Young Conklin told his friend that was no way to do magic. The mystery, he still says today, is the point.

“When you take the mystery away, the fascination for magic goes away, too. If all the tricks were exposed to the public, magic would be dead. Why go to a magic show when you’re not going to be fooled?”

Conklin went out and bought a magic kit of his own, and he was hooked. He performed all through high school, earning 50 cents for his first official show.

Although he loved magic, he planned on following in his mother’s footsteps in the more practical career choice of teaching.

The U.S. Army got in the way of those plans. Conklin enlisted in the U.S. Army in 1946 and was assigned to Special Services because of his unique gift. His job? To travel all over Europe with Army Special Services entertaining the troops as a magician.

When he returned home, he did a show at his old Battle Creek High School. A teen girl in the high school decided he was the man she would marry.

He avoided the teen he still saw as a kid, but she persisted long enough to grow into a young woman and they married in 1952.

“She chased me until I caught her,” he said. “Most wonderful thing that ever happened to me.”

Each time Conklin got discouraged and was ready to quit magic, his wife, Shirley, was the one who kept him going.

“She was my biggest supporter all the way through life.” He said. She died of cancer in 1967.

Conklin’s son, Mike, and daughter Cindy, joined the family act at the tender age of 7 and 5. Like Conklin’s wife, they served as his assistants.

He still remembers the day he performed a new illusion, unsure of why the audience was giggling. He finally looked up and saw two small faces peeking out through holes in the curtain, watching the show.

At its peak, the show had 18 illusions and required five trucks to carry all the lights, scenery and sound gear. The Amazing Conklins traveled up to 40 weeks a year with a cast and crew of 11 people, plus six doves, four rabbits, three ducks, a goose and a St. Bernard.

When his wife died, Conklin scaled back the show, then cut it back again when he had a heart attack a few years later.

Conklin usually does a one-man show now, but his granddaughter Stacy occasionally performs with him.

Having people like Conklin and fellow longtime magicians Dick Oslund settle here adds to the self proclaimed “Magic Capitol of the World’s” rich history, Bordner said.

Conklin moved to Colon in 1961 when he got a job as an Abbott’s sales clerk and magic demonstrator after opening a show here for Blackstone and vaudeville illusionist Jack Gwynne, who would become his mentor.

Conklin steeped himself in magic history and patterned himself after Gwynne, who was known for his flourish and style, Bordner said.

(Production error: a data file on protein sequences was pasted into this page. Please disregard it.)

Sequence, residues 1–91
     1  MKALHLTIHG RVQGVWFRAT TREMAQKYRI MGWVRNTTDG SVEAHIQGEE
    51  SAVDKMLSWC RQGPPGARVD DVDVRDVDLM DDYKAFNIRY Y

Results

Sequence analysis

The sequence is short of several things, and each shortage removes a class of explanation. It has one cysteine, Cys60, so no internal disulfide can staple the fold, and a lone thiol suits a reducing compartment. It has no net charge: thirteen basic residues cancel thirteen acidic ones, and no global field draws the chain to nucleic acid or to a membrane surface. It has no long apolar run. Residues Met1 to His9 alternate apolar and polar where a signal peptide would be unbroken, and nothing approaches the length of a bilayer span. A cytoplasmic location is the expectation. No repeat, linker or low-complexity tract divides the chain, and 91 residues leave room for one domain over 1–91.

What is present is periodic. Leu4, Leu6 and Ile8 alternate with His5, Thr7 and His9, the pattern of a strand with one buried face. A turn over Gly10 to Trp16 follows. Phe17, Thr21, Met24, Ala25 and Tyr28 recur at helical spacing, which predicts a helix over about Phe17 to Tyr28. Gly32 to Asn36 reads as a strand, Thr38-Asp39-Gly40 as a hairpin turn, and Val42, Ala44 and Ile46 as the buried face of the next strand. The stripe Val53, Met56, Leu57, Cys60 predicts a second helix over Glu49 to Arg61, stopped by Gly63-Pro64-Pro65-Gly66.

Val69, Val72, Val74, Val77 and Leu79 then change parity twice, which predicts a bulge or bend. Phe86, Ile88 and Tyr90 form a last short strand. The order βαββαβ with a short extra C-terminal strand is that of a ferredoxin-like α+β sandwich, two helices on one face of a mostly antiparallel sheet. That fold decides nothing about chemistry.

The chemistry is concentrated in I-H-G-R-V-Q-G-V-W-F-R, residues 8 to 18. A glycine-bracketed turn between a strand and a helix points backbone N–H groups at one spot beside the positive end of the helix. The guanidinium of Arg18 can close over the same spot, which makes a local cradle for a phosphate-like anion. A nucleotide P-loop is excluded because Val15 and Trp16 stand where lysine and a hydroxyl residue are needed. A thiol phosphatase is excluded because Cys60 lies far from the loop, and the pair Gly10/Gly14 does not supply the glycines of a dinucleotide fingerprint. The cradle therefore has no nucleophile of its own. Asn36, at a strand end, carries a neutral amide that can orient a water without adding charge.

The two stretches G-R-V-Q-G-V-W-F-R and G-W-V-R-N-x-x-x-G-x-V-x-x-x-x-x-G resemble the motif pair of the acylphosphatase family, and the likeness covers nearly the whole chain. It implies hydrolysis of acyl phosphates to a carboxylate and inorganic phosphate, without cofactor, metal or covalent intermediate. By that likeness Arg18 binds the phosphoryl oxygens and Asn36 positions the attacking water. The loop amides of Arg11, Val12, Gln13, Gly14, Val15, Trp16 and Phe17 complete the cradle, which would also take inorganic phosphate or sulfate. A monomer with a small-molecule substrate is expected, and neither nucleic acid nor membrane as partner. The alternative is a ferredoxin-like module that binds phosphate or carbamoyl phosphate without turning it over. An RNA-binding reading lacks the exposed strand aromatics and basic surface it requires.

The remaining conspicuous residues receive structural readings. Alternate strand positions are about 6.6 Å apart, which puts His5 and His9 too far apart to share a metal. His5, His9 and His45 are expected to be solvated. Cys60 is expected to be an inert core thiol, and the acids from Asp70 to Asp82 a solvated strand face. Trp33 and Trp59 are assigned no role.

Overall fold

Although Conklin has scaled back his performances, he doubts he’ll ever fully retire.

“I think if I do, it will kill me.” he said.

Magic keeps his mind alive and keeps him young.

“I like to see the reactions,” he said. “For a short period of time I take their minds off of their problems they have. You can’t think about your problems and enjoy magic at the same time. It’s the same with performing … It’s good therapy.”

Percy Abbott Obituary

     Percy Abbot, Dean of Magicians Passed Away Suddenly Last Friday

 

 

From the files of The Colon Community Historical Society, newspaper clipping, August 31, 1960, unknown source: “Percy Abbott, 74, the dean of Magicians, and the world’s greatest producer and manufacturer of illusions and magic tricks, died unexpectedly at his home, 326 S. Main St., Colon, last
Friday evening.

He lived “magic” all his life and was internationally known, having toured the world twice as a magician, then manufacturing magic products that became world famous to build Colon as the magic capitol of the world. He started many novices off in the magic profession and he was referred to as “the professor”, Mr. Abbott was born in Sydney, Australia on May 3, 1886. Following the footsteps of his father he started performing magic at an early age. While on a world tour in 1925 he first came to the United States and while attending a meeting of the International Brotherhood of Magicians he accompanied Blackstone, the famous magician, to his summer home in Colon. While here he met Gladys Goodrich, whom he married on August 10, 1929, in LaGrange, Ind. The couple made a world tour performing magic before they settled in Colon in 1934 and founded the Abbott Magic Company with Recil Bordner as his partner, which grew to be the world’s largest company producing apparatus and equipment for magic.